“What is it you’ll do from here?” Claymore asked Derringer. “Your payment is forthcoming when the situation restabilizes, whatever the ultimate results may be. I acknowledge that you have done your part, as contracted.” He left many degrees of uncertainty unspoken.
Derringer grasped the unspoken. Claymore was probably the only one who knew what he was owed, and who had access to that particular security. He may not continue to possess access, after this next set of actions. Princess Soleil might at some point be able to pay him to satisfaction through some other channel, in a different position. He could be mad right now, but getting mad before getting paid wasn’t the best way to get paid; he’d had the premonition, anyway. With this economy, under these conditions, it didn’t seem like a great market for finding other gigs – or even floating, though of course he could float wherever and whenever. He didn’t mind this person, the Princess, she wasn’t bad to work with. That was not insignificant credit. The General, too. “I could stick with you. Be handy. Keep doing the job. Get us to our checkpoints.”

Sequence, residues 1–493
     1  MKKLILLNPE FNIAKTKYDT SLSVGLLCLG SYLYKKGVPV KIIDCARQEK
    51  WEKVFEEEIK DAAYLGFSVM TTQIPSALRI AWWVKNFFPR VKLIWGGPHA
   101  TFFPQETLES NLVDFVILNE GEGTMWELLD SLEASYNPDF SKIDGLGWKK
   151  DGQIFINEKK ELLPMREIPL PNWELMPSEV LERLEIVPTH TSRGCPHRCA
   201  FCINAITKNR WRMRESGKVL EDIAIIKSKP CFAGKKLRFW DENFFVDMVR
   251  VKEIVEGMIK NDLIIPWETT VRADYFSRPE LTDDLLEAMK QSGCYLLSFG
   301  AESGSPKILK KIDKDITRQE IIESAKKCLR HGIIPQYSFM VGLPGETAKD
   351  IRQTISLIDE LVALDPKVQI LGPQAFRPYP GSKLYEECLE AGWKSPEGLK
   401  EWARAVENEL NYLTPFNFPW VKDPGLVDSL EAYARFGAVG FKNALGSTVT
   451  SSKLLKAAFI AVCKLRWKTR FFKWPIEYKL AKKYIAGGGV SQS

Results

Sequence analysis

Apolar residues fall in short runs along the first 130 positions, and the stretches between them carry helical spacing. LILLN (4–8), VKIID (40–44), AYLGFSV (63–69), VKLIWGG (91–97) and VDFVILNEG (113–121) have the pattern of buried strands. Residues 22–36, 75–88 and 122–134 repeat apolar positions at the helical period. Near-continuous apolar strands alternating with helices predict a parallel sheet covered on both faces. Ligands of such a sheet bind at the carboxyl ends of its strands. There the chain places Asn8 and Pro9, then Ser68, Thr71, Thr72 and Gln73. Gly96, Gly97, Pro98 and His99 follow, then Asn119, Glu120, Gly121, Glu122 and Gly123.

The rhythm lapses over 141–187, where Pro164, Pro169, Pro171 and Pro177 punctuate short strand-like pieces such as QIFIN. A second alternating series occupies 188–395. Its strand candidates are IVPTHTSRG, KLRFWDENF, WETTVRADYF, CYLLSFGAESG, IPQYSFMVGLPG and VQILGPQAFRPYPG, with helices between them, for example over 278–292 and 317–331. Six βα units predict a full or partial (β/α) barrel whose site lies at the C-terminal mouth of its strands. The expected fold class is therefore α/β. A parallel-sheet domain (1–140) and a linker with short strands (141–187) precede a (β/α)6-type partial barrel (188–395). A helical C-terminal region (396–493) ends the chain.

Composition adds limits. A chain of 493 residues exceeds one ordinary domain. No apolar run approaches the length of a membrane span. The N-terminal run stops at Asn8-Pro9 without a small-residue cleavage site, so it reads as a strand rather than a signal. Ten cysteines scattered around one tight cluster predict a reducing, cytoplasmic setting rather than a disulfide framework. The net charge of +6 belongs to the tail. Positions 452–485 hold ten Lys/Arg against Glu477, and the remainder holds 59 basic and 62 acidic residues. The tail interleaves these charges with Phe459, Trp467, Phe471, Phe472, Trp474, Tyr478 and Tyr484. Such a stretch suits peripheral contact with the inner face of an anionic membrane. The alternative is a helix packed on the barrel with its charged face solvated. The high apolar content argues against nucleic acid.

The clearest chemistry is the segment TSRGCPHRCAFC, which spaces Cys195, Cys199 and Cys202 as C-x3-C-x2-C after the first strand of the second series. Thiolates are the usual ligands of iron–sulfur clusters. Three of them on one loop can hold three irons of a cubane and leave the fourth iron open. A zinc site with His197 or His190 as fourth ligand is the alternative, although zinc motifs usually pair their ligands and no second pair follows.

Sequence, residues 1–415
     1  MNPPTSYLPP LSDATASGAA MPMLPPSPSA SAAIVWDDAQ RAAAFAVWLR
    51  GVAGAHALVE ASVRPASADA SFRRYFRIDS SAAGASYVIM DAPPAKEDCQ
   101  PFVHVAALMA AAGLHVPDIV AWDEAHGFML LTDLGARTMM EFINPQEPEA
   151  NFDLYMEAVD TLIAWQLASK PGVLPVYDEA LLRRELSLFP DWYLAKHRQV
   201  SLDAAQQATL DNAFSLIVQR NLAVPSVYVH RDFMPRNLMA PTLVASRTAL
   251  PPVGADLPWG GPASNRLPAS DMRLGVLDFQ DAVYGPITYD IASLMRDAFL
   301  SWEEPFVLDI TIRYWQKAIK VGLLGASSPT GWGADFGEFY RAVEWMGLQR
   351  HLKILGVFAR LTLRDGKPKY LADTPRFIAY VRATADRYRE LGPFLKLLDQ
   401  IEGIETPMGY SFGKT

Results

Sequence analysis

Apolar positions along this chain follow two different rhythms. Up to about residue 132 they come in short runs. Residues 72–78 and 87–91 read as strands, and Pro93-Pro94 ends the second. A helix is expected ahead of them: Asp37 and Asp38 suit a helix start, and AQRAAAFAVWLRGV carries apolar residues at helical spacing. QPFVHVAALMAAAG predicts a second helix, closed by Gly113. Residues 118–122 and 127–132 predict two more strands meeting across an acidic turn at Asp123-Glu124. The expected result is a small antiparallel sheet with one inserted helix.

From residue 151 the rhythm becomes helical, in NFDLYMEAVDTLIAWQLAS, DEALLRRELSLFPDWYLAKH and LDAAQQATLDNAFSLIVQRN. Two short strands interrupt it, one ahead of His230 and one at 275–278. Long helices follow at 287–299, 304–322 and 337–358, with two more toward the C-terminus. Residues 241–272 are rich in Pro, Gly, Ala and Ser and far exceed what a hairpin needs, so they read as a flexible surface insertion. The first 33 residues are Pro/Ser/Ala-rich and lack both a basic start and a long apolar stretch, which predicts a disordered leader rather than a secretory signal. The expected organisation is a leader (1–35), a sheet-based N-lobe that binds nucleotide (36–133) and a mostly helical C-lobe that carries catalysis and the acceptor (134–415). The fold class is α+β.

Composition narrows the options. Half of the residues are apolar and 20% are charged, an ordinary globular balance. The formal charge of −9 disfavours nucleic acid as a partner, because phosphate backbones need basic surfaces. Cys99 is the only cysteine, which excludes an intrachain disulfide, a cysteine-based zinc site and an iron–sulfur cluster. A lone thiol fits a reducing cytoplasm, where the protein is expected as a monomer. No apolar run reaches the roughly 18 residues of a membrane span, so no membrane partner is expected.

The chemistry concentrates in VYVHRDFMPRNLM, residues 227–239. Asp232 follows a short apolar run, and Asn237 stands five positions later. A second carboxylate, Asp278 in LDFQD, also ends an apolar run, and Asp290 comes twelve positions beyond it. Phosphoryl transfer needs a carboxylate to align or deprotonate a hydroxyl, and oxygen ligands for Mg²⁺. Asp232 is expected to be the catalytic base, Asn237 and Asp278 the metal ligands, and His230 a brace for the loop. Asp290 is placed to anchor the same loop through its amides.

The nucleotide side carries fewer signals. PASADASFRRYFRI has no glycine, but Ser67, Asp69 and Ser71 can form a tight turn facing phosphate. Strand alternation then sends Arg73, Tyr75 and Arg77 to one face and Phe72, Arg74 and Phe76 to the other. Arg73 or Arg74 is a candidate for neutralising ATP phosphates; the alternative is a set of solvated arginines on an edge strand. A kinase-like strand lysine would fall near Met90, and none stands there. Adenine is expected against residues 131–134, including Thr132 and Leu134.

Eyebrows raised. “He’s useful,” summarized Soleil with wry simpatico. Useful on their side, working for them, not at loose ends with potentially bitter tendencies. Useful, skilled, competent, good in situations. Her sidelong look at Draig confirmed her approving tone. Though that might sound cold, she knew the investigator would appreciate the compliment, and Derringer did salute that.
“He is,” corroborated Draig. He was very, very good; which could be very bad in opposition. He’d be worth it. “Okay, I have a ship for us. But, I have to do something first. It won’t take long. Come with me. You’ll be fine, just stay on your toes.” He wanted to empty some rooms.